Asian Americans made historic strides in politics this year, but true representation still far off – GBH News

History was made across the country this month when Boston, Seattle and Cincinnati all elected Asian American mayors, a step towards political representation for a traditionally under-represented community. State Representative Tram Nguyen and Paul Watanabe, Director for the Institute for Asian American Studies at UMass Boston, joined Sue O’Connell on Greater Boston to discuss.
Despite Michelle Wu’s historic election in Boston, the U.S. still has a long way to go, Watanabe said. A report from the Reflective Democracy Campaign found that AAPI people make up 6% in of the U.S. population, but just 0.9% of elected leaders across all levels of government — the lowest representation of any demographic.
“Even a year ago when people in the United States were polled to name a famous Asian American person — over 40% couldn’t name a single Asian American,” Watanabe said. “Now, I hope they can name the vice president of the United States and the mayor of Boston and the mayor of Cincinnati.”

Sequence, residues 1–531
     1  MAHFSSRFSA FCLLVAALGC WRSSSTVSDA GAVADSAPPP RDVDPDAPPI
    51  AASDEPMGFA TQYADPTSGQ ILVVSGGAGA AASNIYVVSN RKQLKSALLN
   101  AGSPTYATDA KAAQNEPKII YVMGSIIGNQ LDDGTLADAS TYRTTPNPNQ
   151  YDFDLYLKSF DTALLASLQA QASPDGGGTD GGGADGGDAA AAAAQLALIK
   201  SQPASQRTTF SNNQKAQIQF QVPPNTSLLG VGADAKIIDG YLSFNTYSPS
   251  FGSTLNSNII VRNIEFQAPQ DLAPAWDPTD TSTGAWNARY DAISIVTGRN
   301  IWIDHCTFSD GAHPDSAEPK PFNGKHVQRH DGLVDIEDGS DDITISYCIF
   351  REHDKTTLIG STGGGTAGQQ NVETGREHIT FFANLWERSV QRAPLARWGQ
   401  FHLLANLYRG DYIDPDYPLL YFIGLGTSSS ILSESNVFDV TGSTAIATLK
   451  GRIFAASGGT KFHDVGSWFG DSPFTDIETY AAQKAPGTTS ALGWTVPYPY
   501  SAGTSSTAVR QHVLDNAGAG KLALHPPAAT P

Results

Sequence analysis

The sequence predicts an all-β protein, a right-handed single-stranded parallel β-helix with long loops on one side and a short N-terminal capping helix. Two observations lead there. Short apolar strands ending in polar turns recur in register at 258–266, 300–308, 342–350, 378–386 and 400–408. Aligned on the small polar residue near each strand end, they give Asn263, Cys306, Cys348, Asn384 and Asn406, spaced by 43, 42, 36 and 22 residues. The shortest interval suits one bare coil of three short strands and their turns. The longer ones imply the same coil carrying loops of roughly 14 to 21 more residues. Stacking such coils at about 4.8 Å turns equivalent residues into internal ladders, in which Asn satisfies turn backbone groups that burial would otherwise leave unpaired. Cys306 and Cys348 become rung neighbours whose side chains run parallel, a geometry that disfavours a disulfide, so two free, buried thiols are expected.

Nguyen praised the excitement and enthusiasm around a new generation of Asian Americans getting involved in civic activism. “Asian Americans are the fastest growing segment of eligible voters, and we are becoming a voting bloc,” she said. “It’s really exciting to see.”
WATCH: Asian Americans made historic strides in politics this year

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